April 1, 2018: American Surgeon
Frank Jones, Catherine Lewis, Darryl Knight, Louise Bacon, Vijay Patel, Carolyn Moore
Ventral and incisional hernias of the abdominal wall are common problems treated by surgeons around the globe. Incisional hernias are common postoperative complications of abdominal laparotomies with a reported incidence of up to 20 per cent. The increasing use of prosthetic mesh in open ventral hernia repairs necessitated the development of different operative techniques used in the repairs. It also required that surgeons become facile with placement of the mesh in different anatomical positions on the abdominal wall...
April 1, 2018: American Surgeon
Motahar Hosseini, Astha Bhatt, Gopal C Kowdley
Ultrasound (US) is fast becoming an extension of the physical examination in most surgical settings. Unfortunately, few residency programs offer a formal US training curriculum to their general surgical residents. This study aimed to assess the efficacy of a formal US training module for general surgery residents. We studied the degree of improvement observed between junior and senior residents. A training-based study was conducted to evaluate baseline knowledge and skills. Subsequently, a formal didactic and practical training program for our surgery residents was instituted...
April 1, 2018: American Surgeon
Brittany L Murphy, Alexandra B Gonzalez, Michael G Keeney, Beiyun Chen, Amy L Conners, Tara L Henrichsen, Amy C Degnim, William S Harmsen, Judy C Boughey, Tina J Hieken, Elizabeth B Habermann, James W Jakub
For patients with ductal carcinoma In Situ (DCIS), sentinel lymph node (SLN) surgery is generally reserved for patients at high risk of being upstaged to invasive disease. The use of frozen section (FS) pathologic analysis of the primary tumor may allow for selective surgical nodal staging within one procedure. We sought to define the reliability of FS for detection of upstaging. Eight hundred and twenty-seven patients were identified with DCIS on core needle biopsy that underwent 834 operations at our institution between January 2004 and October 2014...
April 1, 2018: American Surgeon
Chad M Hall, Samuel K Snyder, Terry C Lairmore
The oncologic benefit of a central lymph node dissection (CLND) at the time of modified radical neck dissection (MRND) in patients with papillary thyroid cancer who have previously undergone a total thyroidectomy (TT) has not been studied. Patients with lateral cervical metastases were divided into two treatment groups: the concurrent cohort (TT with CLND and MRND), and the interval cohort (CLND and MRND after prior TT). Primary outcomes were lymph node metastases, skip metastases, level VI cancer recurrence, hypoparathyroidism and recurrent laryngeal nerve injury...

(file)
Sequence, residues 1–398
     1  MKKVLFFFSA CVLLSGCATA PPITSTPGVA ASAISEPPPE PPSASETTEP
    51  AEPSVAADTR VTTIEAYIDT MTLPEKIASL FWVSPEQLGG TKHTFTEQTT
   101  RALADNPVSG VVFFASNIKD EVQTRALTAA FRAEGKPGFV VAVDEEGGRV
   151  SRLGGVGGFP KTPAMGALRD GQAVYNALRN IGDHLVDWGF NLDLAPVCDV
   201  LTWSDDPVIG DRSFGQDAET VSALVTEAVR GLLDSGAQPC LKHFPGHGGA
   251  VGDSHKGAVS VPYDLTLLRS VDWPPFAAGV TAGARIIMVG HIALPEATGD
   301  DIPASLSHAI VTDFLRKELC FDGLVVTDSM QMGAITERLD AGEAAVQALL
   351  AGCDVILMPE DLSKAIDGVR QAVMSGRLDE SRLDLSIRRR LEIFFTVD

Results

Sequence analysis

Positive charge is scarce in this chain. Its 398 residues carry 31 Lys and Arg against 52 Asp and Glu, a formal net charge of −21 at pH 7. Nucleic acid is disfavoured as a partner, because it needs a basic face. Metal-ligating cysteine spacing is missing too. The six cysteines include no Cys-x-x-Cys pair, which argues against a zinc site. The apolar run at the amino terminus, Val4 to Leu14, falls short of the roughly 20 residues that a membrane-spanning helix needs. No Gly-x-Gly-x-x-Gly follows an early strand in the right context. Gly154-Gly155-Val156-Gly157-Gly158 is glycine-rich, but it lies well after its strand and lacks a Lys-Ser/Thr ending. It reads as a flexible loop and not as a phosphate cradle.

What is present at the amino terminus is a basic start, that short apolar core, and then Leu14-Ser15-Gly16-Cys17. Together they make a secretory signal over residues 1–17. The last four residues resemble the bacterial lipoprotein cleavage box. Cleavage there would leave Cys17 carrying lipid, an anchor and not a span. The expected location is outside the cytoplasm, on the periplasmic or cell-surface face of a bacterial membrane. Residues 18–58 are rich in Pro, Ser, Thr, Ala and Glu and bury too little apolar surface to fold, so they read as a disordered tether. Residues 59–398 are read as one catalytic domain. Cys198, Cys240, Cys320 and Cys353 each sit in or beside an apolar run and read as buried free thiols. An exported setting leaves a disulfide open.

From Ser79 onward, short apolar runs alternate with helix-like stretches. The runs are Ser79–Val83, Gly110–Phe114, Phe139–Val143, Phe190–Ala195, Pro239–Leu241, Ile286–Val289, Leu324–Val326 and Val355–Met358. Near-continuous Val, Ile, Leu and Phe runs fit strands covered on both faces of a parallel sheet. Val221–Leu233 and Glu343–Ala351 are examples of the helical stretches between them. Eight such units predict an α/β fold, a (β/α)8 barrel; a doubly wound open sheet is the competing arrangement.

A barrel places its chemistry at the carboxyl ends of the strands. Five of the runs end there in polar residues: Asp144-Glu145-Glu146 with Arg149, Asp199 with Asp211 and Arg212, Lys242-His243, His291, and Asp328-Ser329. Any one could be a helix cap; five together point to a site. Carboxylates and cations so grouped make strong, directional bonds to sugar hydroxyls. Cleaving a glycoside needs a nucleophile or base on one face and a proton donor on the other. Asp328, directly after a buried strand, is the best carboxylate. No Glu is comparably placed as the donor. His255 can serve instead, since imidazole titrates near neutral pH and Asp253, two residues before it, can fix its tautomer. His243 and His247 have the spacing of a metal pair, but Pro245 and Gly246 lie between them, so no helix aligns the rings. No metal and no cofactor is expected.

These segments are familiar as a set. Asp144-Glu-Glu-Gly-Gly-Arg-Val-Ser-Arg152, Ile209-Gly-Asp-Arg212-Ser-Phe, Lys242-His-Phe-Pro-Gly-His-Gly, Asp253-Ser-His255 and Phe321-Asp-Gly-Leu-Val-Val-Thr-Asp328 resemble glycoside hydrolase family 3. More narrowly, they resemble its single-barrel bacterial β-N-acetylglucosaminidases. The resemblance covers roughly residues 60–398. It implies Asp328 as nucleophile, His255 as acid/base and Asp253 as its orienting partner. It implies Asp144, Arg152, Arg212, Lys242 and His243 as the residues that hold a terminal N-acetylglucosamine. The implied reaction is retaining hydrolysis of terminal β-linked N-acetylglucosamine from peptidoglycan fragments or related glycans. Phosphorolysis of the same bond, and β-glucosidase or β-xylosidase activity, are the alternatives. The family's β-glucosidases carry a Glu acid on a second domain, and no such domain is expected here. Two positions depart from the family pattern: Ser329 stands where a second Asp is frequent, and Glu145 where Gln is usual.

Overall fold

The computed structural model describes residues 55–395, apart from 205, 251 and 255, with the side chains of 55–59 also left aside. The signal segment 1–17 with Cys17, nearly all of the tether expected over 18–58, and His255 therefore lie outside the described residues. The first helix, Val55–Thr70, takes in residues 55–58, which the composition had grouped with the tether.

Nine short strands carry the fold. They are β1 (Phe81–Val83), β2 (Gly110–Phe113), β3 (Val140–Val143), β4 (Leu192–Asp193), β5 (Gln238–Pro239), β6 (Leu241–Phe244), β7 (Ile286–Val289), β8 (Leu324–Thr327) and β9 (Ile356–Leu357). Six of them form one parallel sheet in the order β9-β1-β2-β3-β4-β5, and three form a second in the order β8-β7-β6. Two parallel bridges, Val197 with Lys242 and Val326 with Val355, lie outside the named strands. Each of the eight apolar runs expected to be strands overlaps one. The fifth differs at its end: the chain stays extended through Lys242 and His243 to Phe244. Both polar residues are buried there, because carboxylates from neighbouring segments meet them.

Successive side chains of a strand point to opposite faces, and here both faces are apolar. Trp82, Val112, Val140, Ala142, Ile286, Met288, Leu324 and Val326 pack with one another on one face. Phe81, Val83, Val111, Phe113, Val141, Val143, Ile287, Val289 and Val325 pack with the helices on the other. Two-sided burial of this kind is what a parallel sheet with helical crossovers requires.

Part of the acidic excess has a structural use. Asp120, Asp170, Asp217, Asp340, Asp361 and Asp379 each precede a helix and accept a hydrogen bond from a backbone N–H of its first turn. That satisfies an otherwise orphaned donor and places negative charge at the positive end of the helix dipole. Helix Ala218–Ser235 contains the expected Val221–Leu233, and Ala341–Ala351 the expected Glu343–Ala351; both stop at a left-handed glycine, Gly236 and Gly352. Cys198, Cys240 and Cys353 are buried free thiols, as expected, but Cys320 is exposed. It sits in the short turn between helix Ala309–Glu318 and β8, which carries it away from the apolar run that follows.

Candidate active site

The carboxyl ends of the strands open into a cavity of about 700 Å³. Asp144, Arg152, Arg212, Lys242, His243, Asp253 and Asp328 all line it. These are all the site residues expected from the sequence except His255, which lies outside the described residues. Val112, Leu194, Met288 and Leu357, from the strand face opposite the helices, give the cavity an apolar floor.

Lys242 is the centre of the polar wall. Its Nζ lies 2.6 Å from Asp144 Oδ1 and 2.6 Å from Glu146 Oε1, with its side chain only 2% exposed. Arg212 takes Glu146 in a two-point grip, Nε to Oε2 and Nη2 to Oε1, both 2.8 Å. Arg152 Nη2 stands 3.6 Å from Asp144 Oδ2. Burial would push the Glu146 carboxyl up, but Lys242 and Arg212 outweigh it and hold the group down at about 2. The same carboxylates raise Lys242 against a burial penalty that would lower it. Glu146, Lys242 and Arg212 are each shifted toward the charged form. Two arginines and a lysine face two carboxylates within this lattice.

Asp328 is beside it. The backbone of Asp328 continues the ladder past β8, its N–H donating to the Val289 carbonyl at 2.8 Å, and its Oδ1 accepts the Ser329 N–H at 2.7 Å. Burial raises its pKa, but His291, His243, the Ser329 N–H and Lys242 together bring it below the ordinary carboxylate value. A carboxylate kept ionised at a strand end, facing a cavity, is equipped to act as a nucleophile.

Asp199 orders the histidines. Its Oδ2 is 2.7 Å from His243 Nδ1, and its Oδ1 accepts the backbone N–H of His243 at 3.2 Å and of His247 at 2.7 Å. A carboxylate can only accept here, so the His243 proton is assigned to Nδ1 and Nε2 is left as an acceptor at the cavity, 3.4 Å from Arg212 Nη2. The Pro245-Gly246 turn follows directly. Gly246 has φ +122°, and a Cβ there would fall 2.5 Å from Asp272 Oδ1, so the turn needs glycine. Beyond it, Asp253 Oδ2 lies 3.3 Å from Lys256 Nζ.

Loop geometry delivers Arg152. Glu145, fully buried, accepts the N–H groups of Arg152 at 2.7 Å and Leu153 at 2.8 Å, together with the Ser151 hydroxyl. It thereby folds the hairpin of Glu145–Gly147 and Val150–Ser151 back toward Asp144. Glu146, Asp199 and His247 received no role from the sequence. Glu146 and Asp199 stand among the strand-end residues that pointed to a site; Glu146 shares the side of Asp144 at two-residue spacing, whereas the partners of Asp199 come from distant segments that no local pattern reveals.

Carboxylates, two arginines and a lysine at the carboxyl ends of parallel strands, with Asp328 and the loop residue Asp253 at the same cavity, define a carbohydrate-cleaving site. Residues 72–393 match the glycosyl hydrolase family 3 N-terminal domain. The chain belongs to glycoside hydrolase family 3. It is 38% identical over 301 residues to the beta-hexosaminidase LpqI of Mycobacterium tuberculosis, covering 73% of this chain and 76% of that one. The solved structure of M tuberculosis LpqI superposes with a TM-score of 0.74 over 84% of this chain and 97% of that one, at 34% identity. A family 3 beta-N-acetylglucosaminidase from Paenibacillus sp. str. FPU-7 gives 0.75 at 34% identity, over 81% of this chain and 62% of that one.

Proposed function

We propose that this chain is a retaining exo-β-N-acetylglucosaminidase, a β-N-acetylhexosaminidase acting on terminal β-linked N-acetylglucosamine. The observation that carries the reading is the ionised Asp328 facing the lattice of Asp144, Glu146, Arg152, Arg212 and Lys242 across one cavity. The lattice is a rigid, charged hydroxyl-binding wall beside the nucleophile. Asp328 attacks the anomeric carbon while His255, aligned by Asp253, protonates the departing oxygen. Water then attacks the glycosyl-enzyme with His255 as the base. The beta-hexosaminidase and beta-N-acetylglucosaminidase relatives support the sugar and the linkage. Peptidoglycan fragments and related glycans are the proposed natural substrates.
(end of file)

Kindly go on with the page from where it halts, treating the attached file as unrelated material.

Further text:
April 1, 2018: American Surgeon
David S Strosberg, Kristen M Quinn, Sherif R Abdel-Misih, Alan E Harzman
Our objective was to investigate the number and classify surgical operations performed by general surgery residents and compare these with the updated Surgical Council on Resident Education (SCORE) curriculum. We performed a retrospective review of logged surgical cases from general surgical residents who completed training at a single center from 2011 to 2015. The logged cases were correlated with the operations extracted from the SCORE curriculum. Hundred and fifty-one procedures were examined; there were 98 "core" and 53 "advanced" cases as determined by the SCORE...
April 1, 2018: American Surgeon
Charles P Shahan, Nathaniel N Stoikes, Esra Roan, James Tatum, David L Webb, Guy R Voeller
Mesh fixation with the use of adhesives results in an immediate and total surface area adhesion of the mesh, removing the need for penetrating fixation points. The purpose of this study was to evaluate LifeMesh™, a prototype mesh adhesive technology which coats polypropylene mesh. The strength of the interface between mesh and tissue, inflammatory responses, and histology were measured at varying time points in a swine model, and these results were compared with sutures. Twenty Mongrel swine underwent implantation of LifeMesh™ and one piece of bare polypropylene mesh secured with suture (control)...
April 1, 2018: American Surgeon
Rodney Lane Guyton, Catalina Mosquera, Konstantinos Spaniolas, Timothy L Fitzgerald
An association between detrimental outcomes and frailty has been documented; however, the impact specific to pancreatic surgery is unknown. Using NSQIP data, patients were classified as non-, mildly, moderately, or severely frail. A total of 16,028 patients were included in the study; most of the patients were white (78.5%) and underwent pancreaticoduodenectomy (PD) (67%). Complications occurred in 17.6 per cent cases, and the median length of stay (LOS) was 11.89 days. Prolonged LOS and mortality occurred in 9...
April 1, 2018: American Surgeon
Alberto Aiolfi, Emanuele Asti, Gianluca Bonitta, Stefano Siboni, Luigi Bonavina
Achalasia is a rare disease characterized by impaired lower esophageal sphincter relaxation loss and of peristalsis in the esophageal body. Endoscopic balloon dilation and laparoscopic surgical myotomy have been established as initial treatment modalities. Indications and outcomes of esophagectomy in the management of end-stage achalasia are less defined. A literature search was conducted to identify all reports on esophagectomy for end-stage achalasia between 1987 and 2017. MEDLINE, Embase, and Cochrane databases were consulted matching the terms "achalasia," "end-stage achalasia," "esophagectomy," and "esophageal resection...
April 1, 2018: American Surgeon
Julie A Wesp, Timothy M Farrell
Epidemiological studies have demonstrated that obesity is frequently associated with esophageal motility disorders. Morbid obesity and achalasia may coexist in the same patient. The management of the morbidly obese patient with achalasia is complex and the most effective treatment remains controversial. The aim of this study is to review the pathophysiology, clinical presentation, diagnostic evaluation, and treatment of achalasia in morbidly obese patients. EVIDENCE REVIEW: PubMed search from January 1990 to July 2017, including the following terms: achalasia, morbid obesity, bariatric, and treatment...
April 1, 2018: American Surgeon
Francisco Schlottmann, Marco G Patti
Esophageal achalasia is a rare disorder characterized by a failure of the lower esophageal sphincter to relax during swallowing, combined with aperistalsis of the esophageal body. Treatment is not curative, but aims to eliminate the outflow resistance caused by the nonrelaxing lower esophageal sphincter. Current evidence suggests that both laparoscopic Heller myotomy and per oral endoscopic myotomy (POEM) are very effective in the relief of symptoms in patients with achalasia. Specifically, for type III achalasia, POEM may achieve higher success rates...
April 1, 2018: American Surgeon